Queens County, a History in Pictures by Kathleen Stitt, Linda Rafuse and Vernon Oickle

Queens County II SM

1. What inspired you to do the book about Queens County?

LINDA: Since 1929, the Queens County Historical Society has built a massive and unique collection of images, in various platforms, of our county and its people, from the inception of photography to present day. This has been through generous donations from private individuals, historians and local photographers. Now, in this digital age, we are given the opportunity to share a selected number of images from this valuable historical collection with our locals and their families, far and wide. Knowing how much people love to look at the "old photos" was all it took for inspiration for this book.

KATHY: The Queens County Museum has an amazing photographic collection. Our community over the years has been very generous donating many photographs, glass plate negatives, slides, postcards and negatives. These images tell our stories in our communities.

2. Why should people care about their history?

LINDA: I think at some point in every person's life, one wonders "where they came from" and no question, history provides that answer. It makes us aware of who we are today as a society and how the society we live in came to be. It gives us an understanding of our world both past and present. It's our legacy and continues to give us the strong foundation that we will add our own building blocks of history for future generations.

KATHY: These stories are important reminders of where we have been and our great resilience as a people. We had to adapt to our ever-changing world. Stories are important to share within our communities to give us a sense of pride and belonging. To newcomers to our area, these images provide context to the people of their neighbourhood. They are our collective memory.

3. This is your first book. What was it like to work on the project?

LINDA: It was an absolute pleasure for Kathy and I to work with Vernon on this project, working with the museum collection. It was a learning experience and we thank Vernon for teaching us all the processes and timelines involved in the making of a successful book from start to finish. What was the challenging part, you ask? To select from hundreds of photographs. Aside from that, this project was very gratifying.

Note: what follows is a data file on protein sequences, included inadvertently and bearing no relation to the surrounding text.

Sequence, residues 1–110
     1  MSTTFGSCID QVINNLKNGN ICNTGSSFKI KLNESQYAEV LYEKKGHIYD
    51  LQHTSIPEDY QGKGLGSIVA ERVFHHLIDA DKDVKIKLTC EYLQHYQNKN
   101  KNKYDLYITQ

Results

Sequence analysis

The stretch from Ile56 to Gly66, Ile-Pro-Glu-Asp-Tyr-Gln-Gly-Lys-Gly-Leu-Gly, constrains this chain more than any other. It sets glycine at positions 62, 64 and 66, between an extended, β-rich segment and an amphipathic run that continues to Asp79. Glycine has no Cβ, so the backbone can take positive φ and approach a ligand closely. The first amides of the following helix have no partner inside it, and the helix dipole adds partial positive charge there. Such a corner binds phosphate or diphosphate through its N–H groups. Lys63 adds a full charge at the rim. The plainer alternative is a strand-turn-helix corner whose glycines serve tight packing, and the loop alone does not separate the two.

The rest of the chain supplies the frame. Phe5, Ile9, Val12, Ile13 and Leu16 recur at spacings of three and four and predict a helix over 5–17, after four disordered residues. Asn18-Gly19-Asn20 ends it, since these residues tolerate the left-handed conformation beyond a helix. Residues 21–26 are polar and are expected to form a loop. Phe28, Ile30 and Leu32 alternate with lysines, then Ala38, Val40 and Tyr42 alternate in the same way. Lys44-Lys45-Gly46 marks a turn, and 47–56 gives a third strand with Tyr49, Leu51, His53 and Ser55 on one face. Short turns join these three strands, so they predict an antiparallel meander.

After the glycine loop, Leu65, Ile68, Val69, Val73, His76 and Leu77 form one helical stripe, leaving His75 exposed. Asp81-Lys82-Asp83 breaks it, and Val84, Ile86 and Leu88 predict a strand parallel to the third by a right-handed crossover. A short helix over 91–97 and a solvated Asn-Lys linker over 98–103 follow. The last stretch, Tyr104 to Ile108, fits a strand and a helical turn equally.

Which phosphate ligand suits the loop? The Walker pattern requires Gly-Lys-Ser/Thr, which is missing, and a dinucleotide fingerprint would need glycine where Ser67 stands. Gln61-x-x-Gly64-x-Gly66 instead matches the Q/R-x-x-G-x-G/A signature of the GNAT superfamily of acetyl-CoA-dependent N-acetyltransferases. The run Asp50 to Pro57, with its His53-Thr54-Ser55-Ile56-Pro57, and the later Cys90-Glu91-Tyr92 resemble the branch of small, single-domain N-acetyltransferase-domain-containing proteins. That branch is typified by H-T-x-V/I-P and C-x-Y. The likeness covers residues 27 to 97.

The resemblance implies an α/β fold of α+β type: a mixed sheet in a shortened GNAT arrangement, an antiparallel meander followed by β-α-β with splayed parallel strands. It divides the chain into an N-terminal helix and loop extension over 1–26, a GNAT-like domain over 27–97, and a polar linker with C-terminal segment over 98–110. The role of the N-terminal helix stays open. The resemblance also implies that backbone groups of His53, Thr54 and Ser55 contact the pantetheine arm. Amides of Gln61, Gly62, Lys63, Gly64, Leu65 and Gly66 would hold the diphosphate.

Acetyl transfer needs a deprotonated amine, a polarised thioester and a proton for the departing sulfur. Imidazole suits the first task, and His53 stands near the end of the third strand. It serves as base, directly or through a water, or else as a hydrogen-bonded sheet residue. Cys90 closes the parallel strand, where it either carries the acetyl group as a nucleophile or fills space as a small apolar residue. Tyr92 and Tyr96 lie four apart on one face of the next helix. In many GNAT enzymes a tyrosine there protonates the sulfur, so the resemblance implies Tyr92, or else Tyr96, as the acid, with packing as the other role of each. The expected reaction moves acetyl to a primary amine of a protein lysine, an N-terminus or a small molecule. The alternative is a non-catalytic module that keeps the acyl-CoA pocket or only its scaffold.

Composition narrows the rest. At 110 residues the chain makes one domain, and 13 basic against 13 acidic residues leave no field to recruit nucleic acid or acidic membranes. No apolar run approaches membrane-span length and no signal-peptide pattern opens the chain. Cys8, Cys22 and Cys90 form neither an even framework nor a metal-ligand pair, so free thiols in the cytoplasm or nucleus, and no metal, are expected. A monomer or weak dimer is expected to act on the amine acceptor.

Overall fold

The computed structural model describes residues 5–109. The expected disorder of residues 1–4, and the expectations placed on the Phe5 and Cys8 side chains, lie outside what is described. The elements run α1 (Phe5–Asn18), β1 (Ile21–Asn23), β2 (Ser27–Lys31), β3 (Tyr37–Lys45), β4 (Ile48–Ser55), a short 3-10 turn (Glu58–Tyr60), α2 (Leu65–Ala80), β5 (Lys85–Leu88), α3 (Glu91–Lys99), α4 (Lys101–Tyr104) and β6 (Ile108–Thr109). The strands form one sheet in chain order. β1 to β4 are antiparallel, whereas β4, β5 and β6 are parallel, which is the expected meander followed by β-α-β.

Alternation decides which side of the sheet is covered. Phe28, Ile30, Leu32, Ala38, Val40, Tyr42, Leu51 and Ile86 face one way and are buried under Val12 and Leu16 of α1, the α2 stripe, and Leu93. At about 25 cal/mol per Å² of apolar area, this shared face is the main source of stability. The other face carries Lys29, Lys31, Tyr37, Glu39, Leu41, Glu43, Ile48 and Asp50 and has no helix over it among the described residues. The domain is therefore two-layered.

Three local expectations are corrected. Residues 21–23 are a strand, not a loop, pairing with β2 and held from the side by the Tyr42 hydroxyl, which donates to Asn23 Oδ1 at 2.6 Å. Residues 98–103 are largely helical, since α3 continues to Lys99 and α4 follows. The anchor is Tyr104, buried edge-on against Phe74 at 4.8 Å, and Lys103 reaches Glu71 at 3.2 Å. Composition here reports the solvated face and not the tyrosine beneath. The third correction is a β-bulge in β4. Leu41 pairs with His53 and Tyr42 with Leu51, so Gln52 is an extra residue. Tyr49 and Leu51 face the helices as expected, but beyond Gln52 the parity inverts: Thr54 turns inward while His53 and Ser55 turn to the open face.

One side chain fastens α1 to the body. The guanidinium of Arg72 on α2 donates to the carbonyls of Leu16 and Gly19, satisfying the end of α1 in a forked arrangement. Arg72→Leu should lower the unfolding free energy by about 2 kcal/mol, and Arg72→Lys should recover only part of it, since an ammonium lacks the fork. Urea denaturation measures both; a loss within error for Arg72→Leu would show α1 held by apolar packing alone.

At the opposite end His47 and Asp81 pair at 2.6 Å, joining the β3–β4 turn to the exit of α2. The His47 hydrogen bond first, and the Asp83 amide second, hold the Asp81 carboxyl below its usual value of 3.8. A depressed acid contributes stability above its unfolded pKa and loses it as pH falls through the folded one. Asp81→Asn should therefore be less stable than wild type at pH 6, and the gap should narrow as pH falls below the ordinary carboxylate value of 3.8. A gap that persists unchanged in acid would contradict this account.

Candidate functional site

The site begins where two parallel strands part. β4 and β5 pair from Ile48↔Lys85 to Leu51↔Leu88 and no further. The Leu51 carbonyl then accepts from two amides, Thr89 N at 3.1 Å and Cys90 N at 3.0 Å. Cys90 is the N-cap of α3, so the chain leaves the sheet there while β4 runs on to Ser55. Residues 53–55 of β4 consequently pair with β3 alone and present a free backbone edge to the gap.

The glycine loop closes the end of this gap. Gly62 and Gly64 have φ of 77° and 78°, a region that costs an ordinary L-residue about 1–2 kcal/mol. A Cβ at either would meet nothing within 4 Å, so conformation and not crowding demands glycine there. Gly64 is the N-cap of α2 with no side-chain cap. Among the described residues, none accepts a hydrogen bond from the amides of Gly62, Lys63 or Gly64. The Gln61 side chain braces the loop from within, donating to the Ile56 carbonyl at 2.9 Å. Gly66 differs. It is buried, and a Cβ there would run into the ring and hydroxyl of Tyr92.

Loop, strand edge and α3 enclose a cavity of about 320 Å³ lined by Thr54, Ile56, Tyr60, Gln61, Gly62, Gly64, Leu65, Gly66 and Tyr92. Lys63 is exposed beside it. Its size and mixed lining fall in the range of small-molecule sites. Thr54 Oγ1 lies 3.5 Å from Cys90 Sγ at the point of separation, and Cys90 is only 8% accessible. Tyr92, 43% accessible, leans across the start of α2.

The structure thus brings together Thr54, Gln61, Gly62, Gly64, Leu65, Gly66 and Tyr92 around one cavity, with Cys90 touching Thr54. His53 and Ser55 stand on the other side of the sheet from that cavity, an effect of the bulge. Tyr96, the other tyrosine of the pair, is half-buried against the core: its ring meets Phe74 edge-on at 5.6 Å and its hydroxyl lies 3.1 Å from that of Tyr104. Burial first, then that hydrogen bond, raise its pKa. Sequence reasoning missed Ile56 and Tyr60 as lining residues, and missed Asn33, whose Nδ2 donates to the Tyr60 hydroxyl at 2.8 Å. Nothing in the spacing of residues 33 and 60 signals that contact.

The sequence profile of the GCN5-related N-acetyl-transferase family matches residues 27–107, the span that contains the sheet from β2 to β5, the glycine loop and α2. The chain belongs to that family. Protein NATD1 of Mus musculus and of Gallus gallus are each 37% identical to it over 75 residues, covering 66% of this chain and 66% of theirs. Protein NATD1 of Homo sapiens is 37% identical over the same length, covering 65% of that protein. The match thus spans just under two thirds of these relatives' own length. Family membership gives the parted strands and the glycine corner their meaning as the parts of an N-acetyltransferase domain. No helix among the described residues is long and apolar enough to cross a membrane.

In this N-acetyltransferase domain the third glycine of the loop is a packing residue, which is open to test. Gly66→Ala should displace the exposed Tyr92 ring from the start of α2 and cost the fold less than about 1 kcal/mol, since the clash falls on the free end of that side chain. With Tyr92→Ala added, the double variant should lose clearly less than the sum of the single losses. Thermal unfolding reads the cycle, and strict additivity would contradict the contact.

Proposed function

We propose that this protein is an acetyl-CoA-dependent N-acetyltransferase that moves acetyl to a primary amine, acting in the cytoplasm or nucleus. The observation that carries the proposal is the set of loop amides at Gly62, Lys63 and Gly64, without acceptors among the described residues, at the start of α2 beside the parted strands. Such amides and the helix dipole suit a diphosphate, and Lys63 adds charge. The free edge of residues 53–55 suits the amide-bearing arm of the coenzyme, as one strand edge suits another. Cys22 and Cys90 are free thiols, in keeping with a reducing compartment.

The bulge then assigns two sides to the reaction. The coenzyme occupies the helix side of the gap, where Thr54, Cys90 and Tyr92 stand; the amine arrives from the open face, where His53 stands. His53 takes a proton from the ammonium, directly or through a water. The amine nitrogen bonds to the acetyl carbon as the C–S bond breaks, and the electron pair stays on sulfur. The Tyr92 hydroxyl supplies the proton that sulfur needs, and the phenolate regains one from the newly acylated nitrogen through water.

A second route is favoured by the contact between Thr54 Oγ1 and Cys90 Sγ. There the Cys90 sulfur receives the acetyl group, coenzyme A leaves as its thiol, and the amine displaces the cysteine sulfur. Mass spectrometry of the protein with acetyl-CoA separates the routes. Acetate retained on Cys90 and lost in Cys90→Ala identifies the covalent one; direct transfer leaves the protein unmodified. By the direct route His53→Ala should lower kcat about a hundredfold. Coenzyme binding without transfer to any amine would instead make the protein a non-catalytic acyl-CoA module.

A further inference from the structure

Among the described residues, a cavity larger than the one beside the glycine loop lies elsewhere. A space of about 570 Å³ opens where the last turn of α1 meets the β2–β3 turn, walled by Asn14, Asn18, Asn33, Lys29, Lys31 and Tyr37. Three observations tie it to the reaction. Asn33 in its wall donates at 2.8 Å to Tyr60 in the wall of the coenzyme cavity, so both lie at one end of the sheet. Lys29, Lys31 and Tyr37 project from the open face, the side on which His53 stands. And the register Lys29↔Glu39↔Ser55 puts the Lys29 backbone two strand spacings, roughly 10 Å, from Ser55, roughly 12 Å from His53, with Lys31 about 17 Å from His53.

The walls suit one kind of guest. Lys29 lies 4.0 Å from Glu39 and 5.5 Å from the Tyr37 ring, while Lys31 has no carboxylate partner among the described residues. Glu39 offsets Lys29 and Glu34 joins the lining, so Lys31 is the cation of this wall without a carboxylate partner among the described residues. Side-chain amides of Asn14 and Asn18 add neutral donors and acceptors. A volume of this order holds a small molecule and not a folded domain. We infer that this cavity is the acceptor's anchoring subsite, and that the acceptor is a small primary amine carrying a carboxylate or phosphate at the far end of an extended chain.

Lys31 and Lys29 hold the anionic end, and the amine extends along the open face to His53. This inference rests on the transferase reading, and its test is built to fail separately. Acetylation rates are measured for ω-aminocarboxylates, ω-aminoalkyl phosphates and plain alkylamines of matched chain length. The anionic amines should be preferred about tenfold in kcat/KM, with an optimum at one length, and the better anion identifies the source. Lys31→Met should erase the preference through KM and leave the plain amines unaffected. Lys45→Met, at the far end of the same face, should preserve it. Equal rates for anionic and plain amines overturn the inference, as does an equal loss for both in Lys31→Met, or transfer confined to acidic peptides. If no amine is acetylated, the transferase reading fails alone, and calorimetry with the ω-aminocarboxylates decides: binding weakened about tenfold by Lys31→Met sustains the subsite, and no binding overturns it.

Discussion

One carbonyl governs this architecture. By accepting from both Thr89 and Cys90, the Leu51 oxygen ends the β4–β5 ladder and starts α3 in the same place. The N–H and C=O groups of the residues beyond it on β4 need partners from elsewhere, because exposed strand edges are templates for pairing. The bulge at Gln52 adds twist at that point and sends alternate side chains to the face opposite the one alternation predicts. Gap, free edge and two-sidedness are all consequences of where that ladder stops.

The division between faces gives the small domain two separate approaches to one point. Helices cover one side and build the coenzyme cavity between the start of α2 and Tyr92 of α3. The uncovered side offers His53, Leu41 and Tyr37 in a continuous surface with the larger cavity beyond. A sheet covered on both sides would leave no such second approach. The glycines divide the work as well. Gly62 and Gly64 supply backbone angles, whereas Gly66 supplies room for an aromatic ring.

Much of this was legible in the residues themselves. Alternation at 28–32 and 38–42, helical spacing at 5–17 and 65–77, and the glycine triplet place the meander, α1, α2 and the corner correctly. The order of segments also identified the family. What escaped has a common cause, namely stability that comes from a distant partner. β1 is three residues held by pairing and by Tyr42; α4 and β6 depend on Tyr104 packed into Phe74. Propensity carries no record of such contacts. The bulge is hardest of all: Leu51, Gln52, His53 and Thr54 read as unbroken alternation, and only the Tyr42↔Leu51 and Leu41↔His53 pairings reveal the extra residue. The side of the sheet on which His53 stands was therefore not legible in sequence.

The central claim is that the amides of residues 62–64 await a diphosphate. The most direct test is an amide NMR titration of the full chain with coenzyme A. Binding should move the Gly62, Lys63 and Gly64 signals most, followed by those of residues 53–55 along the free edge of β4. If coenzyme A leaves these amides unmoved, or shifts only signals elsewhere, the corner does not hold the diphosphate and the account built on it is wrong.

KATHY: Queens County: A History in Pictures is my first book as author and researcher. The experience has been rewarding and challenging. Learning the creative process of "making a book" is much more complex than I ever expected. The hard decisions of who, what, where, when and why was made easier by working as a team. I wish to thank my fellow team members Vernon and Linda for the unselfish sharing of their respective wisdom and knowledge on our journey to publication. I would like to also thank Macintyre Purcell Publishing for their untiring support and patience. Their dedicated team has been with us every step of the way.

4. What would you like people to take away from your book?

LINDA: I would ask them to remember those first historians, the people who preserved this history and these images. Those early compilers, who put it all together for us, so that today we can continue their work for them. The professional photographers whose passion provided the visual for our history. Thanks to them the value of these historical images will always remain invaluable.

KATHY: I would like the reader to take away two things from this book. First, an increased respect of our communities and people. More importantly, I hope people take away the appreciation of the treasures they hold in their personal image collections. That box of old pictures in the basement. I understand that, at this moment in time, they may appear to have no value. I would like the reader to go into that box, look at those images, embrace those memories and preserve them for the future. Always remember, for future generations, those images will hold the same fascination for them as these images hold for us today. Go, build a glorious future on a solid understanding of your past.

5. Who was the greatest influence in your life?

LINDA: It was a privilege to grow up in a family with parents and grandparents that had a love for history and old photographs. They believed in handing down the old stories of family and communities. They often spoke of the importance of sharing the old photographs, knowing our families, our ancestors and where we came from. It started at a very young age and has never stopped.

KATHY: I believe the newfangled term is influencers. Who are mine? Both of my parents provided great inspiration to me. Their sense of community and a need to do good work was instilled in me at an early age. My father, Bill, showed me that creativity is a process that comes from study and hard work, My mother, Beverly, instilled in me that sharing your talent with others is not a burden or duty, it is a joy and privilege.